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Dec 28, 2010 06:33 AM

Best Pan Fried Bun (Sheng Jian Bao ) and other Shanghai dish

I recommend Nice Green Bo Restaurant . Don't know if anyone here ever tried it. I remember my Shanghai friends took me there years ago, then I just kept going back there until I left for China last year.

Nice Green Bo
66 Bayard St, New York, NY 10013

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  1. Not the best, but handy if you have a craving and are in the East Village:

    Marco Polo Fusion Café

    Marco Polo Fusion Cafe
    102 St Marks Pl, New York, NY 10009

    1 Reply
    1. i do not like new green bo at all, i never understood why it got praise from all these zagat guides, newspapers etc. the shanghainese food there is not good at all

      surprisingly, go try old sichuan (i know its a sichuan restaurant, but the owner is from shanghai), they now have the best sheng jian bao in the city.

      she told us when we went that her husband's restaurant down the street on the corner of mott and bayard has great shanghainese food, but i havent been there, so i cant vouch for it and she's obviously going to be biased

      btw if you are in shanghai, go to xiao yang's, their sheng jian bao is the best ive ever had

      18 Replies
      1. re: Lau

        Thanks for the suggestion. Definitely will try Old Sichuan one day.

        Old Sichuan
        65 Bayard St, New York, NY 10013

        1. re: ny2beijing

          I do not know the proper name, but the pan fried buns at Prosperity Dumpling, 4 for 1.25, are pretty good.

          Prosperity Dumpling
          46 Eldridge St, New York, NY 10002

          1. re: fourunder

            Yes, they are delicious! While Prosperity’s are pan-fried, they are properly known as fried dumplings or potstickers (鍋貼 Guo1 Tie1).

            The OP is looking more for these type of pan-fried dumplings made with a yeast dough:
            (生煎包 Sheng1 Jian1 Bao1)


            1. re: scoopG


              They have both pan fried buns and dumplings as an option on the menu. You can see them on Page Six of the Google link......I've had both there. If anything, the boa/bun is slightly thinner than the ones you have linked to......they are also round, not oblong/crescent shaped.


              1. re: fourunder

                Thanks fourunder - I guess I've not seen them there. Will have to check them out.

            2. re: fourunder

              Looks very nice. Never heard my friend mentioned it. Will try it out. Thanks!

              1. re: ny2beijing

                their menu does say they have sheng jian bao, but ive never seen anyone get it and i'm not sure they will actually have it. they used to advertise they had dan bing (egg pancake), but they literally never had it (they finally crossed it out with a black marker, but it took them a couple years). i also wonder if it would be good even if they did have it since i've never seen anyone order it, but someone has to try it so who knows maybe its good?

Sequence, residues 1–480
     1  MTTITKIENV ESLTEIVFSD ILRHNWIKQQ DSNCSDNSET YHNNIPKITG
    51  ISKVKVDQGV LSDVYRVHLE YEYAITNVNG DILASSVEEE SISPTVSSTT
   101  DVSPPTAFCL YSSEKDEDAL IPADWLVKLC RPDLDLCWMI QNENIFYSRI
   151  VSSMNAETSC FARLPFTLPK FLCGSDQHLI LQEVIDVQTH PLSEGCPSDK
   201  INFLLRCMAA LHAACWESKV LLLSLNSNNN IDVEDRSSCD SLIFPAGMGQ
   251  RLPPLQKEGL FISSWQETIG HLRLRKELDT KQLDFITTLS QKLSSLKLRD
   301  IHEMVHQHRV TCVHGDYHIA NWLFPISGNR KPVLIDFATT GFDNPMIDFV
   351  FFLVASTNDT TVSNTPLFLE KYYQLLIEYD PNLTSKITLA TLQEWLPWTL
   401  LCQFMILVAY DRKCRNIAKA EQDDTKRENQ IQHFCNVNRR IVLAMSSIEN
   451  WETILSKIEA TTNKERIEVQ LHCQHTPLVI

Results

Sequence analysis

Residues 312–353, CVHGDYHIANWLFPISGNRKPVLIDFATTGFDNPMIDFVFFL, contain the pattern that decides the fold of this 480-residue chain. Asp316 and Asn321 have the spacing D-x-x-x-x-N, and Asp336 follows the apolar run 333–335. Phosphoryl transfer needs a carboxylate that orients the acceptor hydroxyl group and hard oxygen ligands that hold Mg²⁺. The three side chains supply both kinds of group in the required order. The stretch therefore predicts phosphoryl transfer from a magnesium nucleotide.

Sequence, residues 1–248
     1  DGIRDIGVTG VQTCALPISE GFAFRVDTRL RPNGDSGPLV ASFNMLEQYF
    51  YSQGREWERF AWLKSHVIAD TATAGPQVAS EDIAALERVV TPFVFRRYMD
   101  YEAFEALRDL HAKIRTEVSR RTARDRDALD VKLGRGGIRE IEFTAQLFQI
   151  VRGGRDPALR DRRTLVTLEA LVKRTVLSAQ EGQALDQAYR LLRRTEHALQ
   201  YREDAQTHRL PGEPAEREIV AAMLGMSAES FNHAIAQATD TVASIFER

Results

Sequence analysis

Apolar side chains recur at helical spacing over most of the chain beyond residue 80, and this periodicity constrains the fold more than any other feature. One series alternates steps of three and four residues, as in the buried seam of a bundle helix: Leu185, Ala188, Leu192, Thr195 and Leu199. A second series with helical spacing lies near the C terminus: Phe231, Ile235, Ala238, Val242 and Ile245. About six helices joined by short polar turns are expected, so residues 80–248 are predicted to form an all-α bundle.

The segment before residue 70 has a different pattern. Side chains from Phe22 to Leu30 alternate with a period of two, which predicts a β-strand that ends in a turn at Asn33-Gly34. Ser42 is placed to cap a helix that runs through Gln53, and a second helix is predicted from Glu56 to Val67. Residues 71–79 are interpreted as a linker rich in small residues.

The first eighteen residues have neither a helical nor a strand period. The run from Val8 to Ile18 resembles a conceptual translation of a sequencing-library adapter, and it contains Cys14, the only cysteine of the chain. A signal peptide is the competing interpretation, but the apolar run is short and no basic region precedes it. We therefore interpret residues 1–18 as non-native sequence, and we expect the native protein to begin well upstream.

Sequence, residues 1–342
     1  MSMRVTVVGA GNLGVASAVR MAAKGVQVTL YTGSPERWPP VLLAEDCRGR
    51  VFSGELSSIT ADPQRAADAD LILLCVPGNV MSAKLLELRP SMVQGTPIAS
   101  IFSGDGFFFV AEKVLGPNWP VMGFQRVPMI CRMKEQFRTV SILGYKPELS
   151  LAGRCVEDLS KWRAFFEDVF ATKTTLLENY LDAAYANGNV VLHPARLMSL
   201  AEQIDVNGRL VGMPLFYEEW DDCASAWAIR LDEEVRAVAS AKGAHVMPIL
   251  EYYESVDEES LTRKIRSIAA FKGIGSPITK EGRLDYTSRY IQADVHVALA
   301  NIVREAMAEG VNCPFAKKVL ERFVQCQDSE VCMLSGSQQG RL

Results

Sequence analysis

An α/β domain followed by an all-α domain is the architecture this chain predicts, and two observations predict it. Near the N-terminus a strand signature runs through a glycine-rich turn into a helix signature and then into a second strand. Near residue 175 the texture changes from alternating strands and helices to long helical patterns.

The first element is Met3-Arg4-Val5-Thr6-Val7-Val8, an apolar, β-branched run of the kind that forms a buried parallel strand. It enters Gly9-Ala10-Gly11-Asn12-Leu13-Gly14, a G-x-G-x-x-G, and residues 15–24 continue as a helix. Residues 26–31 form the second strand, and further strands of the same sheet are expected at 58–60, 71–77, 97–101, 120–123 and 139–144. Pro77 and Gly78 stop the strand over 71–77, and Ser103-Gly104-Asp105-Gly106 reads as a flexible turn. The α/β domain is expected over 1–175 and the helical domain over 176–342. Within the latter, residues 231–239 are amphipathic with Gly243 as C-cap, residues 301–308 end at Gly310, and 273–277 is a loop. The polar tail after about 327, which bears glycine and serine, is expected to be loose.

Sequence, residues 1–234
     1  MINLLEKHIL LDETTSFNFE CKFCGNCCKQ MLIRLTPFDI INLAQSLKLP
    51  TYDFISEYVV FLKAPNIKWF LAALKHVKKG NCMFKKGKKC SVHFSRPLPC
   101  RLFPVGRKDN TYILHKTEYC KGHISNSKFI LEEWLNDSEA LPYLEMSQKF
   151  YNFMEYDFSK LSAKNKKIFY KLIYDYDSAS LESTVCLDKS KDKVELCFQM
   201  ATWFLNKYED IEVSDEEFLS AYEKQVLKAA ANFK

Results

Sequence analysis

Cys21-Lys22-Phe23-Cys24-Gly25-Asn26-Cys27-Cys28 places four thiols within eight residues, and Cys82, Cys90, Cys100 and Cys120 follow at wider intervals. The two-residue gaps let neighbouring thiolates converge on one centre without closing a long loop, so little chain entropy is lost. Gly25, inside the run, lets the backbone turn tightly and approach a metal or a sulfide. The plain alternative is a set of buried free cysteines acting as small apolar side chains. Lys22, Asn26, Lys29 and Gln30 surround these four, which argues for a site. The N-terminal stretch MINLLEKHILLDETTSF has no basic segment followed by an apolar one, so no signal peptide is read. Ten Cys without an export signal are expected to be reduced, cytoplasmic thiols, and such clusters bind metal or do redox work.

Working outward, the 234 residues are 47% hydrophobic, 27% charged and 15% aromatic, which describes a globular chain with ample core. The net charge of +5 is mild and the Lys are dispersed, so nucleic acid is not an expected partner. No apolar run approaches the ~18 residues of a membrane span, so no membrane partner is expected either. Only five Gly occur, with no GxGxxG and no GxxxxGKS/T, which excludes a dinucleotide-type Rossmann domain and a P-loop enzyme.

1. re: fourunder

                    haha oh you actually tried them? i didnt read your post carefully, i thought u just meant they had them

                    1. re: Lau

                      I probably get to Prosperity about 6 times a year, mostly in the warmer months when I can walk the streets. I can only think of one time when i did not purchase them, and it was due only to bad timing. The guy in front of me cleaned them out and the woman told me it would take 20-30 minutes to finish off another batch. They cook them in the same flat skillet as they do the fried dumplings....only one or two stations over, alternating with the sesame pancake, depending on how busy they are. I've tried to purchase them frozen like they offer the dumplings, but they do not offer them frozen.

                      although some of the Flicker pictures show the actual menu boards, the pictures may be dated, as I believe they are priced higher than the dumplings.
                      I also believe the filling is the same as the pork & chive dumplings....but don't hold me to that....I usually pop them down whole, so I never really or actually see the filling.

                  2. re: Lau

                    Tried Prosperity yesterday for lunch. The experience was mediocre at the best. The worst part was that even in Chinatown standard you can't help think they should do something about hygienic conditions.

                    1. re: ny2beijing

                      you try the dumplings or the sheng jian bao?

                      1. re: Lau

                        I tried both. Not quite impressed.